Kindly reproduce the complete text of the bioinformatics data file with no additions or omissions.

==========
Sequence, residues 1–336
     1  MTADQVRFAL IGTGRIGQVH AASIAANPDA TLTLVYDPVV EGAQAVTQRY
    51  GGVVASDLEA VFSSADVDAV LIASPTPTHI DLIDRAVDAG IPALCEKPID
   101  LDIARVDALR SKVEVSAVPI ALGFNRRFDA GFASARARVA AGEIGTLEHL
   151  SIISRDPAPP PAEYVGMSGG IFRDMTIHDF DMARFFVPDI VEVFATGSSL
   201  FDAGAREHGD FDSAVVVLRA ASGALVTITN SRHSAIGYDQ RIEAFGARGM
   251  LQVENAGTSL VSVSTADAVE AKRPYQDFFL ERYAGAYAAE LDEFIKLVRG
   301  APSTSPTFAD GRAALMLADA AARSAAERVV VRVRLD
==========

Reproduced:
Sequence, residues 1–336
     1  MTADQVRFAL IGTGRIGQVH AASIAANPDA TLTLVYDPVV EGAQAVTQRY
    51  GGVVASDLEA VFSSADVDAV LIASPTPTHI DLIDRAVDAG IPALCEKPID
   101  LDIARVDALR SKVEVSAVPI ALGFNRRFDA GFASARARVA AGEIGTLEHL
   151  SIISRDPAPP PAEYVGMSGG IFRDMTIHDF DMARFFVPDI VEVFATGSSL
   201  FDAGAREHGD FDSAVVVLRA ASGALVTITN SRHSAIGYDQ RIEAFGARGM
   251  LQVENAGTSL VSVSTADAVE AKRPYQDFFL ERYAGAYAAE LDEFIKLVRG
   301  APSTSPTFAD GRAALMLADA AARSAAERVV VRVRLD